Obesity has posed a public health challenge to populations in developed countries and to those in developing countries such as China. For working age adults, China's recent dramatic urbanisation brings major shifts from labour intensive occupations to sedentary jobs, resulting in a remarkable reduction in energy expenditure and increased risk of overweight and obesity.1 ,2 A 2002 national survey showed that 14.7% of the Chinese population were overweight and another 2.6% were obese, 38.6% and 80.6% higher, respectively, compared with the numbers 1 decade ago.3 In the Chinese population, the prevalence of overweight and obese individuals is highest among adults.3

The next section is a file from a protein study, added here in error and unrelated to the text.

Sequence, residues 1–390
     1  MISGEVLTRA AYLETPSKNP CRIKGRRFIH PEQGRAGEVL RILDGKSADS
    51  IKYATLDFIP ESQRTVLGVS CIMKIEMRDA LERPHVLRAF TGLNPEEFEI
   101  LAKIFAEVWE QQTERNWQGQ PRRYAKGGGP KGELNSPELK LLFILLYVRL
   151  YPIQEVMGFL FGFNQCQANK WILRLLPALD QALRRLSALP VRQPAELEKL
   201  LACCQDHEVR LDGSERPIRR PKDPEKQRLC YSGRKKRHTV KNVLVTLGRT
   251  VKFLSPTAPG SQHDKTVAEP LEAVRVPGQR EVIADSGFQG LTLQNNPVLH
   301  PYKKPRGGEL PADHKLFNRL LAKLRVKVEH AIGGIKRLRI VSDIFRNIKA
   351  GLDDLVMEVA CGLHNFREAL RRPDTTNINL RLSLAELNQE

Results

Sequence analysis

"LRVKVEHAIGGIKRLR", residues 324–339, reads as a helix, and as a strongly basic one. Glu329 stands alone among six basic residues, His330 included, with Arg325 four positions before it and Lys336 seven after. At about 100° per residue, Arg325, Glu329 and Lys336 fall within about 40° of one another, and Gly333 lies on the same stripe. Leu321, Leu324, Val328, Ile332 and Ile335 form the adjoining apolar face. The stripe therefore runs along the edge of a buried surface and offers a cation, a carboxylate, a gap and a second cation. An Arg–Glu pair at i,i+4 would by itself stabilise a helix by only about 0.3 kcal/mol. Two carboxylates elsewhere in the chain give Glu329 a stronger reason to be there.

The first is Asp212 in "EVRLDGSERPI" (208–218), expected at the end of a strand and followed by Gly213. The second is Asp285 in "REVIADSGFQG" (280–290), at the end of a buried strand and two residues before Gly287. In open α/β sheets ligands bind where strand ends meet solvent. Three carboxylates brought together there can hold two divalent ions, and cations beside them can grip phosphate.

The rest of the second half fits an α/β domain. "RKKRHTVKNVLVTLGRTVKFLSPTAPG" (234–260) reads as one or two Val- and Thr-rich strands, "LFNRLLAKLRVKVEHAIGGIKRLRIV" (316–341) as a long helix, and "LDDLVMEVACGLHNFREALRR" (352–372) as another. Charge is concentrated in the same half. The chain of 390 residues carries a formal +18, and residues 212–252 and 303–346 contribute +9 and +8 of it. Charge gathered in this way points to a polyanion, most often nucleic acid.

Fast-food restaurants are widely considered an important contextual contributor to the so-called obesogenic environments, environments that promote obesity by encouraging physical inactivity and excessive energy intake.4 ,5 However, conflicting findings have been reported on the association between fast-food restaurants and body weight status. For instance, a US study reported a positive association between the prevalence of fast-food restaurants and state-level obesity rates,6 while another study found a lower prevalence of obesity among adults living closer to a fast-food restaurant in the Southern USA.7 Complicating the picture further, several other US studies failed to find significant effects of proximity to, or community density of, fast-food restaurants on adult body mass index (BMI) or obesity.8–10